For those of us who live in and love Washington, the only thing better than the bracing election results Tuesday would have been seeing Marion Barry on the ballot and people voting overwhelmingly against him.

In a way, that's what happened. The electoral message of revulsion for the misdeeds of the Barry era that voters delivered was so strong and clear that no one could misunderstand it. So powerful, in fact, was it that the city's Democratic Party chairman publicly warned Barry to "get out of the {City} Council race right now" lest he suffer humiliating defeat at the polls in November.

All of this is most welcome. It explains the sense of exhilaration that has swept the capital in the wake of the reform-minded, clean-sweep, fresh-start victory by Sharon Pratt Dixon in the Democratic mayoral primary, a victory tantamount to election in this most Democratic of all American cities.

Dixon's campaign theme was simple and blunt. It was to bury the Barry legacy of political corruption and personal arrogance that has made Washington an object of national ridicule and caused its residents to cringe with shame. Her aim, she told voters, was to "clean house -- with a shovel, not a broom." The size of her victory and the record mayoral turnout leave no doubt that a majority of citizens agrees.

Much more than parochial pride in this political result is involved here. Cliche or not, Washington is a symbol for the nation, and in recent years the city's image could not have been more negative. During a recent trip to Britain, for instance, I was struck by the extent of questions about Barry. Nearly without exception, the same people who wanted first to know about America's intentions in the Persian Gulf crisis went on to ask about the Barry affair. These were not just Americans. Foreigners also knew all about the misdeeds of Marion Barry and wanted to know about their effect on the nation's capital.

So the voters' signal of a positive change in Washington's politics this week resonates far beyond the capital city.

Nor was this the only good sign to emerge from these voters. The political message from the surrounding suburbs also was strongly expressed. It was a protest vote against special-interest politics and against the mindless development sprawl that has made a mess of urban life even as it has enriched developers.

"It means the 1980s are over in Montgomery County," a county planning official told Washington Post staff writer Jo-Ann Armao, in explaining the surprising defeat of Sidney Kramer, the county executive, by Neal Potter, an anti-growth candidate seeking a tax on new development. "People are very nervous about what the future will be in the 1990s. The '90s will be a lot slower."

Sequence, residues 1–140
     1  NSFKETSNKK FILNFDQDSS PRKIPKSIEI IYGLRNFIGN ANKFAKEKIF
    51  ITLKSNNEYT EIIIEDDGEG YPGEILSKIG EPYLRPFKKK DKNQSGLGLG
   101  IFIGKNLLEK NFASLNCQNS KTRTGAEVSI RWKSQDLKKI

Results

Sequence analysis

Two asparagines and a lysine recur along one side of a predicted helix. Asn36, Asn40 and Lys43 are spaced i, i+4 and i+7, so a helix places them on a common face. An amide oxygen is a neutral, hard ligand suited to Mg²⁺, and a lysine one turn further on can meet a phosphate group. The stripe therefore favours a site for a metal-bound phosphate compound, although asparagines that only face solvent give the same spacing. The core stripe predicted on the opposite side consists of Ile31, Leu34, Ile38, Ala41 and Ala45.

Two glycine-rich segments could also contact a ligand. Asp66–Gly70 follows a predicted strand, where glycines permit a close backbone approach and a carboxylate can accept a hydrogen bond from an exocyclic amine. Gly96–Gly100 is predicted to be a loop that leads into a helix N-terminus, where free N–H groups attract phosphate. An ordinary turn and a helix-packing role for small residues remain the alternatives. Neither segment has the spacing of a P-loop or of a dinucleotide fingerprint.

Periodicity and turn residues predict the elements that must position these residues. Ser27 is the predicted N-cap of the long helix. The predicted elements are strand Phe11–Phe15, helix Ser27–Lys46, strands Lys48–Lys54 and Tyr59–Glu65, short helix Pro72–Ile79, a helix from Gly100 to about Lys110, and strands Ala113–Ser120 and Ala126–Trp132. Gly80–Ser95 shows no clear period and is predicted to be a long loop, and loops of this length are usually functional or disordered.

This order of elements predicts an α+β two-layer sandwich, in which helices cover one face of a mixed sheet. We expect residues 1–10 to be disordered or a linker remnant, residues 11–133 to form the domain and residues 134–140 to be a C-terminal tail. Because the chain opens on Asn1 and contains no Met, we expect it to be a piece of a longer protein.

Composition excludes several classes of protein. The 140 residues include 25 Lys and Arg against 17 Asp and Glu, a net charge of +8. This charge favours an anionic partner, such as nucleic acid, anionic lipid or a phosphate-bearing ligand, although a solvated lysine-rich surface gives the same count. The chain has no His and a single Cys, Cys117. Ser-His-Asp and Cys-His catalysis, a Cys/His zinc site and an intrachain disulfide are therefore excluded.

Similar evidence of voter protest against politics as usual and unchecked growth at the expense of quality of life can be found in voting results throughout the country. There are signs of a shift in the national mood. Americans appear to be taking stock, setting priorities at home, seeking to put the nation's own house in order after recognizing the mounting burdens of debt and unaddressed social and domestic problems bequeathed by the excesses of the '80s.

This new climate of national introspection should not be surprising. Even as Americans are beginning to wonder, and worry, about what their future holds at home, similar concerns are increasing about America's place in the new world order emerging so swiftly and confoundingly.

Behind the strong show of support for the massive U.S. military deployment in the Persian Gulf lie several troubling questions that threaten to sunder the present sense of public solidarity. Two are key: Who's going to pay for all this? Why aren't our allies doing more?

A third concern strikes even greater heat: Why should America continue to bear the principal burden for global security when its most prosperous former enemies, Japan and Germany, whom the United States helped to raise from the ashes of World War II, aren't paying their fair share?

The 370 to 53 House vote on an amendment to a pending defense expenditure bill Wednesday was explicit evidence of this new concern and anger. If adopted by Congress, it would require Japan to pay the entire annual cost of keeping U.S. troops and their dependents in Japan.

It was one more sign this week of national change. It suggests that Americans not only are looking inward but also outward as they assess a very different future in the 1990s.